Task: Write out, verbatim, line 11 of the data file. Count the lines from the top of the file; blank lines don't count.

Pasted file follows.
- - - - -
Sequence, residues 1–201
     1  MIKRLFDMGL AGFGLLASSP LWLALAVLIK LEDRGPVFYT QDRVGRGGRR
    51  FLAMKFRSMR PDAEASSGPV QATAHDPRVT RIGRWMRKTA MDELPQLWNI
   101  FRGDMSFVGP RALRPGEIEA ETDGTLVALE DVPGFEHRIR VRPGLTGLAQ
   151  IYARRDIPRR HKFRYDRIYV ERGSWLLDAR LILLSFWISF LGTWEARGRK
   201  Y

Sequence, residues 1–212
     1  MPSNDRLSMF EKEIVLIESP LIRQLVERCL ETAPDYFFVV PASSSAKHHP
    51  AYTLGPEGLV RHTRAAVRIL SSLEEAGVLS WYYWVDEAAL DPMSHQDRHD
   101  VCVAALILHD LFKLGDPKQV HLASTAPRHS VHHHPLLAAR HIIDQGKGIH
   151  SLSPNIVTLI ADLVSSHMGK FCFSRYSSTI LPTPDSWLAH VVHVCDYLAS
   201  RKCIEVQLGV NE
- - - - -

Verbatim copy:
   151  SLSPNIVTLI ADLVSSHMGK FCFSRYSSTI LPTPDSWLAH VVHVCDYLAS